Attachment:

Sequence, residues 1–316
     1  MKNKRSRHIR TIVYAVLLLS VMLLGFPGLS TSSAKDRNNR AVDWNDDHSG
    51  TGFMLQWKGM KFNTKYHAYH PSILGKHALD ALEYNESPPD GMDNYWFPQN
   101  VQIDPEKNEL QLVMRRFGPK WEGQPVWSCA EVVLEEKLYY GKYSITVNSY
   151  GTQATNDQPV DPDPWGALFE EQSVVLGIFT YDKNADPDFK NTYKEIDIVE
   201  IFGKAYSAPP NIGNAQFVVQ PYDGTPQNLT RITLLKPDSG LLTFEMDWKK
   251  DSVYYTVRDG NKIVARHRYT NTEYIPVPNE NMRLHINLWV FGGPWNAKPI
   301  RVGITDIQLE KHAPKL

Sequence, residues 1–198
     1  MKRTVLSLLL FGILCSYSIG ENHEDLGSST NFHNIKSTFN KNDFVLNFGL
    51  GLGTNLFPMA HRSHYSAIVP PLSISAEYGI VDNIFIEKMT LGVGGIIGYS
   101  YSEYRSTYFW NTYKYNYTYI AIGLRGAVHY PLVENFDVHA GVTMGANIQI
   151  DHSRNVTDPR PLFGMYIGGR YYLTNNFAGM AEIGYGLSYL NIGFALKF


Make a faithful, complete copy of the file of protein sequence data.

Sequence, residues 1–316
     1  MKNKRSRHIR TIVYAVLLLS VMLLGFPGLS TSSAKDRNNR AVDWNDDHSG
    51  TGFMLQWKGM KFNTKYHAYH PSILGKHALD ALEYNESPPD GMDNYWFPQN
   101  VQIDPEKNEL QLVMRRFGPK WEGQPVWSCA EVVLEEKLYY GKYSITVNSY
   151  GTQATNDQPV DPDPWGALFE EQSVVLGIFT YDKNADPDFK NTYKEIDIVE
   201  IFGKAYSAPP NIGNAQFVVQ PYDGTPQNLT RITLLKPDSG LLTFEMDWKK
   251  DSVYYTVRDG NKIVARHRYT NTEYIPVPNE NMRLHINLWV FGGPWNAKPI
   301  RVGITDIQLE KHAPKL

Sequence, residues 1–198
     1  MKRTVLSLLL FGILCSYSIG ENHEDLGSST NFHNIKSTFN KNDFVLNFGL
    51  GLGTNLFPMA HRSHYSAIVP PLSISAEYGI VDNIFIEKMT LGVGGIIGYS
   101  YSEYRSTYFW NTYKYNYTYI AIGLRGAVHY PLVENFDVHA GVTMGANIQI
   151  DHSRNVTDPR PLFGMYIGGR YYLTNNFAGM AEIGYGLSYL NIGFALKF